Ted was quiet for a full minute before speaking. “Interesting,” he finally said, while gazing across the lake as if looking for the blue boat. “But, what about the body? Wouldn’t that have floated to the surface by now?”
“I’ve been thinking about that, too. Haven’t you noticed that there’s often a boat out after dark with a search light going along the shore? Maybe that’s Jim searching for the body,” she replied, as she stood up to better survey the golden lake reflecting a setting sun.
“Or maybe it’s just the locals out hunting bullfrogs for their favorite dish of frog’s legs,” Ted mused.
“Hmm,” Emma responded.
“And don’t you think those pages could have been torn out of the notebook by Lockjaw himself?”
“Yes, I guess it’s possible. But, on the other hand, maybe they weren’t,” she responded.
“And that dot on the map... could’ve marked good fishing,” Ted continued. “That happens to be an excellent spot to catch fish.”
“Uh-huh,” she replied. “But there’s also the snorkel.”
“Oh, Emma,” responded Ted with a sigh. “Do you know how many people go snorkeling in this lake? It could have come from anyone. And, by the way, how can we make a serious report to the police if we don’t have a body and Josh’s girlfriend never came looking for him, nor made a missing person’s report.”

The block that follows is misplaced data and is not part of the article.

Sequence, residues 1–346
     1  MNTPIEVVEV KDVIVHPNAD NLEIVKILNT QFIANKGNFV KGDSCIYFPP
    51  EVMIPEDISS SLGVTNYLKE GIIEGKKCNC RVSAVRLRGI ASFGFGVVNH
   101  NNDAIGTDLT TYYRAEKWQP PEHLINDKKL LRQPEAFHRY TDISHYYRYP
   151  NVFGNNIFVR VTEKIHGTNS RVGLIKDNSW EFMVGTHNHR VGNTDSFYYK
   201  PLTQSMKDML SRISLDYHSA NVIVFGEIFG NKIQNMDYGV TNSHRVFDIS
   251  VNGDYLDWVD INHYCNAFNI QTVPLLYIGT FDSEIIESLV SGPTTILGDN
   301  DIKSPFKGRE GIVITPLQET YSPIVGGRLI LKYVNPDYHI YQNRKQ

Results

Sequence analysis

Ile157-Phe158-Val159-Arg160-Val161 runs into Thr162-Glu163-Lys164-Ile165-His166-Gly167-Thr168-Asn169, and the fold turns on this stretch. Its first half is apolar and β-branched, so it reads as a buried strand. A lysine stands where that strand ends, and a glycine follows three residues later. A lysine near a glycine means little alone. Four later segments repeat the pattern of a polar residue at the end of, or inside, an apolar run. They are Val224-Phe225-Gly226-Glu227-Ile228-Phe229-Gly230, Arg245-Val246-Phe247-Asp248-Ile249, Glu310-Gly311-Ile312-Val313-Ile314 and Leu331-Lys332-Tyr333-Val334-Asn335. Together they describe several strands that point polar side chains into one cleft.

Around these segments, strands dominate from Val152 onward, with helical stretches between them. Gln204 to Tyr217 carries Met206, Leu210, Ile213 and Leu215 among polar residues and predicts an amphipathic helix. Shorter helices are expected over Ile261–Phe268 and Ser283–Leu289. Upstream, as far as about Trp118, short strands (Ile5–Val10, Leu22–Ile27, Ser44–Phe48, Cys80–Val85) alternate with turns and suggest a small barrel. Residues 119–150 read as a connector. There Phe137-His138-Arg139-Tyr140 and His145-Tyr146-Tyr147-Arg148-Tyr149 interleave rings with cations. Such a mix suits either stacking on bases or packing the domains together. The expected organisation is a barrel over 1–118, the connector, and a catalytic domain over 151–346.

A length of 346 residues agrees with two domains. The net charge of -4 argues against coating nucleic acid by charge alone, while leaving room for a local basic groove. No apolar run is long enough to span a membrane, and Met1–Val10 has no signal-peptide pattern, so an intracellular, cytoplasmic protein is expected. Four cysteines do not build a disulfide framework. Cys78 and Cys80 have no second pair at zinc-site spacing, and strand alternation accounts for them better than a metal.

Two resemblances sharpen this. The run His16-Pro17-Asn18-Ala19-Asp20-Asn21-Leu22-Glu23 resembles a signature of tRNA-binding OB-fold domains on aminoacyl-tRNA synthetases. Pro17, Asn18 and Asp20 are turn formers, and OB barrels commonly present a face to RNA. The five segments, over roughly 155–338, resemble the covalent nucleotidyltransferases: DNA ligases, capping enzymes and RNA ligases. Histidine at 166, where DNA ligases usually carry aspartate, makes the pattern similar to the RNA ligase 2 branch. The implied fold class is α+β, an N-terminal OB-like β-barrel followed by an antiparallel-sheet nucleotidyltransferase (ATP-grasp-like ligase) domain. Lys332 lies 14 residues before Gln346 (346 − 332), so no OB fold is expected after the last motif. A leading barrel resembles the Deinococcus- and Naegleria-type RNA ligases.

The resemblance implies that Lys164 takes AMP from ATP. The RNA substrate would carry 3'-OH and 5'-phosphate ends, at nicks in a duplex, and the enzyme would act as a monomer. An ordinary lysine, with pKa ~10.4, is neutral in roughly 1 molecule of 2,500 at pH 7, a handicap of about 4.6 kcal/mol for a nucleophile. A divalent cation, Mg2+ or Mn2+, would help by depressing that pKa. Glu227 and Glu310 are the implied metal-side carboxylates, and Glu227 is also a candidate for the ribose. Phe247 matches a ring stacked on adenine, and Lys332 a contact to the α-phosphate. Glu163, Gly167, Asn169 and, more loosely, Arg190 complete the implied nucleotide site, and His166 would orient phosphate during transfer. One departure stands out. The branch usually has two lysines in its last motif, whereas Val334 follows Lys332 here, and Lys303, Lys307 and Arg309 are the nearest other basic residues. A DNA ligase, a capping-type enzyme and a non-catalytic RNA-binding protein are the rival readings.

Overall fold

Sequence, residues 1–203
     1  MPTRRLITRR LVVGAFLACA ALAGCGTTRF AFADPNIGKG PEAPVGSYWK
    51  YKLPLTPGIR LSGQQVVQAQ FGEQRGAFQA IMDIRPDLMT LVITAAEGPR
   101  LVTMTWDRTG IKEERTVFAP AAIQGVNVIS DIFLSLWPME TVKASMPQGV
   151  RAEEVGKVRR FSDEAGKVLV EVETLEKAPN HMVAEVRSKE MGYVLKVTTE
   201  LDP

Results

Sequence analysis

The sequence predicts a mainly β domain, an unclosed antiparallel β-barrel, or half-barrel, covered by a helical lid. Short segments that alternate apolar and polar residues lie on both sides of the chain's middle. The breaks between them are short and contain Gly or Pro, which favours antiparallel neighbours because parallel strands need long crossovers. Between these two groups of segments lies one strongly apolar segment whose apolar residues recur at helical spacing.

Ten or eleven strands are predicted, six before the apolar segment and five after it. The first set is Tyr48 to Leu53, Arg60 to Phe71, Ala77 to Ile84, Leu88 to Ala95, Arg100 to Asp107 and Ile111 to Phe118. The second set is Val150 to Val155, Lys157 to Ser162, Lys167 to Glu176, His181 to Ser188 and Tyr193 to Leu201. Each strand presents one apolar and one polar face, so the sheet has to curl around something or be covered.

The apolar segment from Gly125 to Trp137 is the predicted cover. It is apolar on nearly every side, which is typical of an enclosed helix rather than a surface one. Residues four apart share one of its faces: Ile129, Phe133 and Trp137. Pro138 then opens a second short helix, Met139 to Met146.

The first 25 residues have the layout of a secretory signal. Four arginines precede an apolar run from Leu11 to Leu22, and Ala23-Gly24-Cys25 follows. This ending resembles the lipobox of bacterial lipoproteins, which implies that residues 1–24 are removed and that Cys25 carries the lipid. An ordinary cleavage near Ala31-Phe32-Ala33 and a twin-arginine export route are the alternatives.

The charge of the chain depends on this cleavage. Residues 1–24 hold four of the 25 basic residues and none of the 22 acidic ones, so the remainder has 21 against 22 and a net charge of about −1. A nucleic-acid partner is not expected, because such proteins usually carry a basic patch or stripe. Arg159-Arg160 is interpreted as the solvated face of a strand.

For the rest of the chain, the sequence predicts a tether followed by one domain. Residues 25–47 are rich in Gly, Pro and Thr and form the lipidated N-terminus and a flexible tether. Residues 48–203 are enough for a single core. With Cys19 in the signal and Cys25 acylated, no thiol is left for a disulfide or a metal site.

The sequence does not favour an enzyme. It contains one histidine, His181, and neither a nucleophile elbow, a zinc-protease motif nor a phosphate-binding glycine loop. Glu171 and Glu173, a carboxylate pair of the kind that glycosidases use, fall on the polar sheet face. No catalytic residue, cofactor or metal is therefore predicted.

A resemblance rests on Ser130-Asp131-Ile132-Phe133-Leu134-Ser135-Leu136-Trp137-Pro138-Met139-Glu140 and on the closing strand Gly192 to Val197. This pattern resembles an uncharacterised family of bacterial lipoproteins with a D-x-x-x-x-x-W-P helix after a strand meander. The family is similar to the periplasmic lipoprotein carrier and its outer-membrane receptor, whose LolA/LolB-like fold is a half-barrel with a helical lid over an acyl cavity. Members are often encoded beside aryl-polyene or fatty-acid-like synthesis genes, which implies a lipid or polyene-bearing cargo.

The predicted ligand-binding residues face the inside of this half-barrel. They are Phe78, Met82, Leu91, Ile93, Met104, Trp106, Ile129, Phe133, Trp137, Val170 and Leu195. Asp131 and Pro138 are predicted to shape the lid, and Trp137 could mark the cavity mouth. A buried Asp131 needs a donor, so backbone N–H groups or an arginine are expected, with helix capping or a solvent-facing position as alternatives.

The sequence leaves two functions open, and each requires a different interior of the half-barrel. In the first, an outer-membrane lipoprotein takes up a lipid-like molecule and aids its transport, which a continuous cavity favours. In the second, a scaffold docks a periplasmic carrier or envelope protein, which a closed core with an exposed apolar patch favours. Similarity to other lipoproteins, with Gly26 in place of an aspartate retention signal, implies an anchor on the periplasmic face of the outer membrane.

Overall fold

We? Sounds like he’s coming around, Emma noted with relief.
Ted continued, “You don’t even have a witness to the crime. Only your distant sighting, which you weren’t sure enough about to report to the police.”
“But there is a witness. Jim!” Emma exclaimed.
“Wait. First you think he’s the murderer, then you call him a witness?”
“Well, why not? He’s both!” she replied.
“If Jim found that money, I doubt he’d stick around here very long. Would you like me to go interview him and ask if he happened to have murdered his boss?”
“Well, obviously not. But you’re clever at talking to people. Maybe you could casually stop by when he’s outside and ask how things are going and such. Then you could casually ask if he plans to stay on working for Tina. That could be a clue.”
“That’s a lot of casual. I don’t know that I can pull it off, but it seems the only option right now. I’ll give it a try the next time I see him.”